Fawkes, Johanna (2012) Saints and sinners: Competing identities in public relations ethics. Public Relations Review, 38 (5). pp. 865-872. ISSN 0363-8111

Public relations ethics is confused and often superficial in its approach, relying heavily on
traditional theory, with only occasional reference to more recent developments in professional ethics, particularly feminist and global ethical perspectives.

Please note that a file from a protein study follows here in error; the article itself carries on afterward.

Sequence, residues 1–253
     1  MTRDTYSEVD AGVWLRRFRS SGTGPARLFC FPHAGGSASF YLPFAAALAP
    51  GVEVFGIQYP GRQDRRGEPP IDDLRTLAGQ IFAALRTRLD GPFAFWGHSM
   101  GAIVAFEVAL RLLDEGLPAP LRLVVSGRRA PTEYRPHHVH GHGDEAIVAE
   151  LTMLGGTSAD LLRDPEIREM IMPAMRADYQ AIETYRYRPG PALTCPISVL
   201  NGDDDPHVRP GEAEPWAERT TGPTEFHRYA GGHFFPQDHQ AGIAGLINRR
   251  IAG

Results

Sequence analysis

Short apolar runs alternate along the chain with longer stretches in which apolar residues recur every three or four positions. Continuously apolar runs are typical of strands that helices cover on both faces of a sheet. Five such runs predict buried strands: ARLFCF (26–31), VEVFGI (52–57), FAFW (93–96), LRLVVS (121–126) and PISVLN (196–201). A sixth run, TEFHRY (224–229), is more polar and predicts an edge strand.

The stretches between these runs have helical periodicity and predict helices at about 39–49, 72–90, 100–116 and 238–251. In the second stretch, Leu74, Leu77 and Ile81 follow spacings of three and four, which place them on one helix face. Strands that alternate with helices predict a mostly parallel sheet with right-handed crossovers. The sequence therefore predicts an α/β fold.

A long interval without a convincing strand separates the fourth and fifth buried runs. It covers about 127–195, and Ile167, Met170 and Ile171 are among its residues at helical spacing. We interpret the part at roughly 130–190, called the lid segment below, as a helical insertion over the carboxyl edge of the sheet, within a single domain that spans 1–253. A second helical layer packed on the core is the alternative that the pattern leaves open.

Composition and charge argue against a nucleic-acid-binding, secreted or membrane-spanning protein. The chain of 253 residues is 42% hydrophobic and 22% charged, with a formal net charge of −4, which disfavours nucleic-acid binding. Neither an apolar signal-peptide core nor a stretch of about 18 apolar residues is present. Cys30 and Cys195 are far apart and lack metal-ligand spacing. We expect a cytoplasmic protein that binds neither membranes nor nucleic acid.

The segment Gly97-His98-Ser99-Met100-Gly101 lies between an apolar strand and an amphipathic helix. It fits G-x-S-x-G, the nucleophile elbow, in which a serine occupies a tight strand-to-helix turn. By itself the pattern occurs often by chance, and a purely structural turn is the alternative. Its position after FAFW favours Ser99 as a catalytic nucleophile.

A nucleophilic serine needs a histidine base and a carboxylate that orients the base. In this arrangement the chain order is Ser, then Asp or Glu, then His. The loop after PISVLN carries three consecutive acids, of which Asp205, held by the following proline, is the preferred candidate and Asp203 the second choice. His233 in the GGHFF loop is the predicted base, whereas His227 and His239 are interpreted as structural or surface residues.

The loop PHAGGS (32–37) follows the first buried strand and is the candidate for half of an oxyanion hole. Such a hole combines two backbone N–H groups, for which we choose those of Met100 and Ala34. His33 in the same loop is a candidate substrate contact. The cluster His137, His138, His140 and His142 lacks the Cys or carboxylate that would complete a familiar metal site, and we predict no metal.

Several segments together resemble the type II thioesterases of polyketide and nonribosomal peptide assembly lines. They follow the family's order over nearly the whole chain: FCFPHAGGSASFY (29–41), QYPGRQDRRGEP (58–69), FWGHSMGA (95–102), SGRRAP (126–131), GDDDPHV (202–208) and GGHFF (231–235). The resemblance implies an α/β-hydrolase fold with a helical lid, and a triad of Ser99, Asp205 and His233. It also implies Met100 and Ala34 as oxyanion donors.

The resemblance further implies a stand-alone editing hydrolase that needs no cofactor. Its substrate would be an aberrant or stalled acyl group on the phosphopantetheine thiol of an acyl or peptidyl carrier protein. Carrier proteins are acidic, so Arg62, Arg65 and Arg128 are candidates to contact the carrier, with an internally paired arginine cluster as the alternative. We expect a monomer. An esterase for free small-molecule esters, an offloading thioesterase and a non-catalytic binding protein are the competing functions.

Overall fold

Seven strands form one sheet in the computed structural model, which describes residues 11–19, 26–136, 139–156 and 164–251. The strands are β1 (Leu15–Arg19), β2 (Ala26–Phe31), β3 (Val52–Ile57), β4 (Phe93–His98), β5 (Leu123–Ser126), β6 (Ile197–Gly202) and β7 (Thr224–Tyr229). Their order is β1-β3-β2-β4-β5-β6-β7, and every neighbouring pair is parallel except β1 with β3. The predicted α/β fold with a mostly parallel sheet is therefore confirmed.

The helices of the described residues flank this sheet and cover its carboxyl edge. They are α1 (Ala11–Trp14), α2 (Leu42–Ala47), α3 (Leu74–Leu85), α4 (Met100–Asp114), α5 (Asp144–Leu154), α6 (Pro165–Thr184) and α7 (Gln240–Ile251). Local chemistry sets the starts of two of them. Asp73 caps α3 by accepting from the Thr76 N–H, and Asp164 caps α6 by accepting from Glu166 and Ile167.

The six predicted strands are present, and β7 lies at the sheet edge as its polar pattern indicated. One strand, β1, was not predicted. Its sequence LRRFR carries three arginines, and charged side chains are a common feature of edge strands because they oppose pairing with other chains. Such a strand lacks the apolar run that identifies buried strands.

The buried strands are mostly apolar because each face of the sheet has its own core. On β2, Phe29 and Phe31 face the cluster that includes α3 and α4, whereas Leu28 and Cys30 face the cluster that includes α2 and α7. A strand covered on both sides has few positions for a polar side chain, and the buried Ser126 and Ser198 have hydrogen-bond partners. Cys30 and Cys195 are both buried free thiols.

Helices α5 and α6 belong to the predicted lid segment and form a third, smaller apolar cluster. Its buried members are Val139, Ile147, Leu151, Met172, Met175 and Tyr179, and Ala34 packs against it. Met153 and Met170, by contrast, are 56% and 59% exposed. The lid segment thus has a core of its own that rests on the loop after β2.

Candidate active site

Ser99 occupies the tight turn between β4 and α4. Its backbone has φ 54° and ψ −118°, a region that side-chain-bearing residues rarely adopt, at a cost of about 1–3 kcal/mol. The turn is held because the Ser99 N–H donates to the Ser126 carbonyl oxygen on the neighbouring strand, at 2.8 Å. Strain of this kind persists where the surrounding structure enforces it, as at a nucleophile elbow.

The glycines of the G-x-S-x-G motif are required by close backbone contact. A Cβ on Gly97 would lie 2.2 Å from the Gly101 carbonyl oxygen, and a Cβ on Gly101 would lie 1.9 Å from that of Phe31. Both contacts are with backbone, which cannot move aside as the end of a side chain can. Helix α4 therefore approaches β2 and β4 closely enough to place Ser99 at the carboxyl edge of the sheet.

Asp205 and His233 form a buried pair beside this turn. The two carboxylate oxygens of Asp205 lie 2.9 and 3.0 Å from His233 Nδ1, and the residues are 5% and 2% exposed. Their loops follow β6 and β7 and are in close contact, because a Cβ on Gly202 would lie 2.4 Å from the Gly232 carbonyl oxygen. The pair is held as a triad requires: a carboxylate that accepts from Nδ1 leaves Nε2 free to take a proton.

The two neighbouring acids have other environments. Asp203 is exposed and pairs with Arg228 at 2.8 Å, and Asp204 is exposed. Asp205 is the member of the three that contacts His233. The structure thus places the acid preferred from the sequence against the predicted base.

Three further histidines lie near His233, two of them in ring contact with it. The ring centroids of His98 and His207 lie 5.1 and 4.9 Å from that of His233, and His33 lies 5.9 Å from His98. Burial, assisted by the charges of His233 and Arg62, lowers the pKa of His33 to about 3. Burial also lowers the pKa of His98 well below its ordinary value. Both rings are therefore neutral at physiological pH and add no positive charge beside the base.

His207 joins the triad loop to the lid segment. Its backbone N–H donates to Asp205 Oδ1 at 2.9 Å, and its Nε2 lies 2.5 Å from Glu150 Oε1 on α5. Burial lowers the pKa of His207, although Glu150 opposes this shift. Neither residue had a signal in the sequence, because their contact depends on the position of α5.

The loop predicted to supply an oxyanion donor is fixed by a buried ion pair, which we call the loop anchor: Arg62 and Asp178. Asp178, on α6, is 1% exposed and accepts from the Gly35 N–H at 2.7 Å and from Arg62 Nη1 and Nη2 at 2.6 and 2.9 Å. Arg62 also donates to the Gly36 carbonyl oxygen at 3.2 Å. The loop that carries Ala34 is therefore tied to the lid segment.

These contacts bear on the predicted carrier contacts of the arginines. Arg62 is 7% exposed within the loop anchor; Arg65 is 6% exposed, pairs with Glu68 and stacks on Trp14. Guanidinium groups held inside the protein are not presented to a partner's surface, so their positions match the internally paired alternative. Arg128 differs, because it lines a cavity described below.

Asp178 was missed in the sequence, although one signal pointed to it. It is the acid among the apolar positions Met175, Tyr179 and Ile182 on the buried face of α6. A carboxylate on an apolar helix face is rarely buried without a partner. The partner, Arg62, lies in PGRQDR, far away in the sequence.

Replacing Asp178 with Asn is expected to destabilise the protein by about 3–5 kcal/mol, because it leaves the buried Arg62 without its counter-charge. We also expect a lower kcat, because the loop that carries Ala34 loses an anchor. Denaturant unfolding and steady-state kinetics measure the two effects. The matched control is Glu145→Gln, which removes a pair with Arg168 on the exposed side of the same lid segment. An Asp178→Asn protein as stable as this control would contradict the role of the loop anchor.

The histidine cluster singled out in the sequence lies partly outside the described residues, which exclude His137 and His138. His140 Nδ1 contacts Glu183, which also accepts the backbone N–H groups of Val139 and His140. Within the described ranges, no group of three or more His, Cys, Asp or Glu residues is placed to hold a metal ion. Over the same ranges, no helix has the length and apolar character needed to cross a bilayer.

This paper argues that the central ethical tension facing public relations as a field lies in its divided ethical identity, in particular between the idealized codes of conduct influenced by the US-based excellence project, which conjure images of wise counsel balancing duties to client and society, and practitioner-led expectations that they are advocates and should privilege clients over society. The paper touches on the wider context of professional ethics in the early 21st century from western and non-western perspectives, in order to frame current debates in public relations’ ethics. Taking a Jungian approach, it suggests that the saint/sinner models represent opposing aspects of an ethical identity or archetype which can only be resolved through self-acceptance and a willingness to embrace contradiction.

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